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It’s Reality! First Ever Warp Bubble Has Finally Been Created!

There are so many places and things to explore in the universe! From distant exoplanets to faraway galaxies that might host intelligent life, to massive black holes, to bright stars. However, there is a problem with space exploration; distance! Everywhere you want to go in deep space is far!

For example, Elon Musk wants to put humans on Mars permanently while NASA wants to send astronauts there. However, any traveler going to Mars has to endure a grueling trip through harsh space that lasts not less than five months, even with the most powerful rocket in history! If only we could find a faster way to travel through space! Also, the next star to us is about 4.5 light-years away, making it impossible to visit with the current space technologies!

However, an accidental discovery promises to fix that problem by enabling faster than the speed of light travel! What is the discovery, how does it affect space travel, and how does it affect you personally? Join us as we explore how NASA scientists accidentally discover the world’s first Warp Bubble!

Warp travel is not strange to fans of the Star Trek franchise. The warp drive is a charming futuristic technology from Star Trek Universe, which since its first episode in 1966, includes ten television series and thirteen feature films. In these series and movies, characters explore the universe using powerful and fast spaceships, traveling from planet to planet and communicating with a crew of aliens.

The torsion engine is the center of attraction because, without it, the story would be implausible. The universe is strange, unimaginable, and insanely large, and even if you want to visit the next star, the immense cosmic distances create an almost impossible barrier! Let’s take a look at the next star, Proxima Centauri, 4.5 light-years away. This distance means it takes 4.5 years to reach the star if you could manage to attain the speed of light! Light flies at full cosmic speed and acts as a sort of universal speed cap, so any other method takes longer!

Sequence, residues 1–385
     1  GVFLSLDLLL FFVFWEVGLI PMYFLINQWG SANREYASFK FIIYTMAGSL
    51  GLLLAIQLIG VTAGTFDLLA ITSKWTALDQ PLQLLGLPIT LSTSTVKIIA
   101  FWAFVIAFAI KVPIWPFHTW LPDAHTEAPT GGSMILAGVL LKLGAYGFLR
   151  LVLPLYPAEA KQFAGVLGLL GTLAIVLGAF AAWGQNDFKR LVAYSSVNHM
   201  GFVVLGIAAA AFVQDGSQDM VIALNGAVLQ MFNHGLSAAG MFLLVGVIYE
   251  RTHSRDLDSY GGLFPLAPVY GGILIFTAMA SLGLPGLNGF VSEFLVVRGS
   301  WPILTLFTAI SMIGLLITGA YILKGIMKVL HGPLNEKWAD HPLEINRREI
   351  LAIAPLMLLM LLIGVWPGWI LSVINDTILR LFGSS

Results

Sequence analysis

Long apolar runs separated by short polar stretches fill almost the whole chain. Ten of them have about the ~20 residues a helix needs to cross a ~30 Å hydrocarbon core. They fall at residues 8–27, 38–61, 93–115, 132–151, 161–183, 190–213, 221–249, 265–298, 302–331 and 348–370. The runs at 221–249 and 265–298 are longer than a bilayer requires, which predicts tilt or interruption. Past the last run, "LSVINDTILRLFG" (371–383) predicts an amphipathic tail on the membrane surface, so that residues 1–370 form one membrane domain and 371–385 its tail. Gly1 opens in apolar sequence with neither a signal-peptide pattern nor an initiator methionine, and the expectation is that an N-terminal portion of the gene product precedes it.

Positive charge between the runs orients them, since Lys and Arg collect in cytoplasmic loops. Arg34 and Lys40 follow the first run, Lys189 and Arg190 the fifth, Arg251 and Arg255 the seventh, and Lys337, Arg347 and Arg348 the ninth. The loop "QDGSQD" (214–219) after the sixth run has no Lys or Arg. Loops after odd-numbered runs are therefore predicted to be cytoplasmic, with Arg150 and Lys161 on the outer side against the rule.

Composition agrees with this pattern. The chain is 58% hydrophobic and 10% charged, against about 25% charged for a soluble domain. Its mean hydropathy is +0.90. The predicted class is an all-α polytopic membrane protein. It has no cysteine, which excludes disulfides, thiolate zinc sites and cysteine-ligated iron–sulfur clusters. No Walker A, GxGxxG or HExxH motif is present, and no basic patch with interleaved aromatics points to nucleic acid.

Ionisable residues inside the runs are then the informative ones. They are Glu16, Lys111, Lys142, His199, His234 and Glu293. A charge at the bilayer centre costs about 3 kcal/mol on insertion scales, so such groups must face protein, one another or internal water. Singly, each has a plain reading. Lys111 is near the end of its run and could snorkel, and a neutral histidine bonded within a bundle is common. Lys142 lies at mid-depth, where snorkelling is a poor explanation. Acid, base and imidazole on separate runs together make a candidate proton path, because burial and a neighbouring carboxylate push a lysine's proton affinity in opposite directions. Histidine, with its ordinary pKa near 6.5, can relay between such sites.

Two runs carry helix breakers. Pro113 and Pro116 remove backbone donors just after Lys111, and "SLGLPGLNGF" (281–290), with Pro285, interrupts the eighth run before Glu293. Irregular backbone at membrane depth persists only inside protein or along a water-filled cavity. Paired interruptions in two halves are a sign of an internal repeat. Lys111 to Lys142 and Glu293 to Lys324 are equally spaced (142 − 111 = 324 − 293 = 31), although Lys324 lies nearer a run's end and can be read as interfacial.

In fact, if you decide to use the fastest space probe ever built, the long journey through the interstellar void would take nearly eight thousand years! So, it makes sense to stay put to Earth and its immediate environment! Of course, the Star Trek crew didn’t stay close to the Earth because they found a solution!

This solution makes long-distance travel possible by shortening the distance! The torsion engine, using warp drive tech, achieves this by juggling space and time, making for great entertainment! Warp drive was destined to remain imaginary until a scientist suddenly realized that such an engine was really possible at the end of the last century!

The physicist was Miguel Alcubierre, and he came up with a theory that rocked the scientific community globally. In 1994, Alcubierre watched an episode of Next Generation while doing his Ph.D. research on Einstein’s general theory of relativity, where heavy masses can curve space and time.

And so Alcubierre picked up a scrap of paper, did the calculations, and laid the foundation for an article that appeared in the science magazine later that year! In his paper, Alcubierre describes how you can compress space and time in front of a spacecraft and stretch it back behind the ship so that you have to travel a much smaller distance to the desired destination safely trapped in what he calls a torsion bubble!

In visualization, the concept was compared to a surfer riding a wave and a metaphor often used to describe how a ship could travel the stars. There is, however, a problem with Alcubierre’s warp bubble! You see, the warp engine is tough to build in reality!

You can’t just curve space forcefully with normal mass! To do so, you need exotic matter, which has negative gravity! Dozens of Warp Engine publications would follow in the following decades. But they also remained theoretical exercises and thought experiments that manipulated the formulations of the theory of relativity in search of new insights.

The need for the foreign matter remained! That was until Eric Lentz, a physicist at the Pacific Northwest National Laboratory in the US, stepped in. He watched Star Trek as a kid. However, he has not been able to forget

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